Jumbo life insurance policies require an experienced insurance professional in order to find coverage with the lowest rates and the best underwriting class. There are big differences underwriting a policy for $500,000 and one for $15,000,000, or $50,000,000. A key factor in the price is the final underwriting class that is offered. The difference in underwriting classes can be double digit percentages. Don’t be fooled by “loss leader” rates that initially look good during the quoting process. They are typically offered only to people with no medical history, no family history and take no medications for any purpose. Underwriting term insurance can be very different than underwriting permanent insurance such as whole life, indexed universal life and guaranteed universal life. Most high net worth consumers prefer permanent life insurance because the net cost is much lower than term insurance.
The underwriting class is important when considering:
- jumbo term insurance
- jumbo whole life policy or
- permanent life insurance.
In fact, getting the best underwriting class should be the agent’s top priority. To get it, your agent must be experienced and willing to present the underwriters with the best case possible. Doing this properly requires a life insurance professional willing to push back and do research about illnesses and medications. The right agent will have extensive relationships with underwriters and is typically is independent, able to represent any company.
A small group of insurance companies specialize in the large case life insurance market. Insurance companies may share underwriting results with one another, which is authorized through the application process. One way is through the MIB (the medical information bureau). The chance of future problems increases if the underwriting process is not being managed properly.
What you need to know to get the best rates:
Check the underwriting history. I work with my clients to get an accurate picture. With it, we create a report of how much coverage is currently inforce and how much will be replaced, if any. The total amount of inforce coverage at the end of underwriting is critical information to share with underwriters, at the beginning of the process.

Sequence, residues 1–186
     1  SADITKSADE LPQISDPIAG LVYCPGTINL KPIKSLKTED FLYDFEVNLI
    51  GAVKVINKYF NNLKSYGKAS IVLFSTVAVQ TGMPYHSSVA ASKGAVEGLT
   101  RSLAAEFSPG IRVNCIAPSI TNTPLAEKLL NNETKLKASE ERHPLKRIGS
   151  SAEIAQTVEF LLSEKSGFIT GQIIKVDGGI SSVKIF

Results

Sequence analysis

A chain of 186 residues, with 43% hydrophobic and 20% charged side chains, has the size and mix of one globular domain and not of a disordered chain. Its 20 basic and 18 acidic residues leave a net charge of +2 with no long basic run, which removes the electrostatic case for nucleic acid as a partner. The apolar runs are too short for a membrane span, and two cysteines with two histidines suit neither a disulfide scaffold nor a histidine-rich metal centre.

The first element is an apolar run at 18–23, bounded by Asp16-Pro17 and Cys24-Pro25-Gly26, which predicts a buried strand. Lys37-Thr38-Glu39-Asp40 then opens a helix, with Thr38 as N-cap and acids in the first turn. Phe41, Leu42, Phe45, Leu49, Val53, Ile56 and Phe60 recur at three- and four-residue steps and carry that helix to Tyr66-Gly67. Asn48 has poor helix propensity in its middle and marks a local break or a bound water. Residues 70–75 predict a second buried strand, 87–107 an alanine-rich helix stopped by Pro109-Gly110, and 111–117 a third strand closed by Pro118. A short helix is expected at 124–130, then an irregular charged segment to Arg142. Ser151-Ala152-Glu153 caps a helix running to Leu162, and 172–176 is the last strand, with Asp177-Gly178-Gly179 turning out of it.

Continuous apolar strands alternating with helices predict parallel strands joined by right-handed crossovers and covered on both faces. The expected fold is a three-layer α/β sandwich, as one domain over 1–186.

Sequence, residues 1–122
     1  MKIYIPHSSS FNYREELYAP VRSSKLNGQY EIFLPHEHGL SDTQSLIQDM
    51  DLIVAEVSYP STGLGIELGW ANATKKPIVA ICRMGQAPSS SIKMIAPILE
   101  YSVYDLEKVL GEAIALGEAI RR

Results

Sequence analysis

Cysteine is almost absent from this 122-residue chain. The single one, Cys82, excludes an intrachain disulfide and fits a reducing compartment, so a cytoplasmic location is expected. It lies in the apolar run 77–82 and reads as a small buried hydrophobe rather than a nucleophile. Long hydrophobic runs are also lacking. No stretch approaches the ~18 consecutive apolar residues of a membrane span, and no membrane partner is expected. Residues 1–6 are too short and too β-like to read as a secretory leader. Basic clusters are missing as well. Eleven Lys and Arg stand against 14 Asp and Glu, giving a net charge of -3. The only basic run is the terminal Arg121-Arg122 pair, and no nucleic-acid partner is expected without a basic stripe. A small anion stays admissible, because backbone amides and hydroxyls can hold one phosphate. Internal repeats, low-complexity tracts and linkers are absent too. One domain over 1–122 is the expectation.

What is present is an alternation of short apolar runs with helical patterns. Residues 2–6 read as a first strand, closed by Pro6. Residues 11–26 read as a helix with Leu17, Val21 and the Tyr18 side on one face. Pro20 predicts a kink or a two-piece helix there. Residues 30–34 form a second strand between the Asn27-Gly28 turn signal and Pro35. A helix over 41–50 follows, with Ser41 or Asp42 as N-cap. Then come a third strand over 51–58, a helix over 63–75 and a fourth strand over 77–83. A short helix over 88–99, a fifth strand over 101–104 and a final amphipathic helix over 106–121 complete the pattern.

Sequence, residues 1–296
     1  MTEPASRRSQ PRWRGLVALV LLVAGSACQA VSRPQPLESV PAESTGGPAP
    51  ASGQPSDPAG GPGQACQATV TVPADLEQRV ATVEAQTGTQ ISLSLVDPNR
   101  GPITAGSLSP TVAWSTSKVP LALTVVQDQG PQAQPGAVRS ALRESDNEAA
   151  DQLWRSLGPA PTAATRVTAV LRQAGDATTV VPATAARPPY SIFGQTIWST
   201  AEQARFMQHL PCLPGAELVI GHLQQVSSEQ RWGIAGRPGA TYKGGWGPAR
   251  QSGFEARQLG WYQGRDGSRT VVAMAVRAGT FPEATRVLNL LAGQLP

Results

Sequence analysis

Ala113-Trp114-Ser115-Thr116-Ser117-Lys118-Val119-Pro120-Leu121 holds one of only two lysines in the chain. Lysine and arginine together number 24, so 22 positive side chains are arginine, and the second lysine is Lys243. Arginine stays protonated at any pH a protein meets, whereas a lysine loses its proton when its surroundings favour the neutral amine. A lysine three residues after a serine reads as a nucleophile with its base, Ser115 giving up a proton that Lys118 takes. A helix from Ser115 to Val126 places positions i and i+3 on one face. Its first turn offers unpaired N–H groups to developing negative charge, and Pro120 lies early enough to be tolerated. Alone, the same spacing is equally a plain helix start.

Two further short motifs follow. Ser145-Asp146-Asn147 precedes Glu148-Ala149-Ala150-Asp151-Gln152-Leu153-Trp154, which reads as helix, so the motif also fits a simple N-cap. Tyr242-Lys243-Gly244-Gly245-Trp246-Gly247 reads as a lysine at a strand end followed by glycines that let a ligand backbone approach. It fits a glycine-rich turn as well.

Chronicle the medical history. This helps us understand both current and past health issues which may impact underwriting. We recently helped a 66 year old woman acquire a jumbo policy for succession planning purposes. She had been on lithium for 15+ years without any problems. Suddenly, she had developed a tolerance to the lithium that created some temporary issues. All her current coverage was issued on a preferred basis. Knowing the history helped the right underwriters understand it was a medication problem and nothing else. Many underwriters declined the case.
Product Design. Underwriting criteria is different for permanent and term insurance and selecting the right product can be complicated. For example, commissions, high cash value riders and term blends should be considered as each of these variables can impact price.
Does premium financing make sense for jumbo life insurance policies? In many cases, it does. Premium financing can be ideal for permanent life insurance when interest rates are significantly lower than the policy’s rate of return or the policyholder’s ROI. An in depth analysis must be done by the life insurance professional that outlines the advantages, the upside and the downside. Premium Financing:
A cover letter for the underwriters helps them understand the goals and objectives for why the life insurance is necessary and affordable. Often, these jumbo life insurance purchases involve premium financing where the cover letter will be equally beneficial.
Please contact me at 561-869-4500 or email me. I offer a complimentary consultation to discuss anything you wish about life insurance or annuities. I am proud of the things many clients have chosen to say about us and perhaps they will give you additional insight about how we do business.
You can visit us at www.facebook.com/lifecycleplanners
Also published on Medium.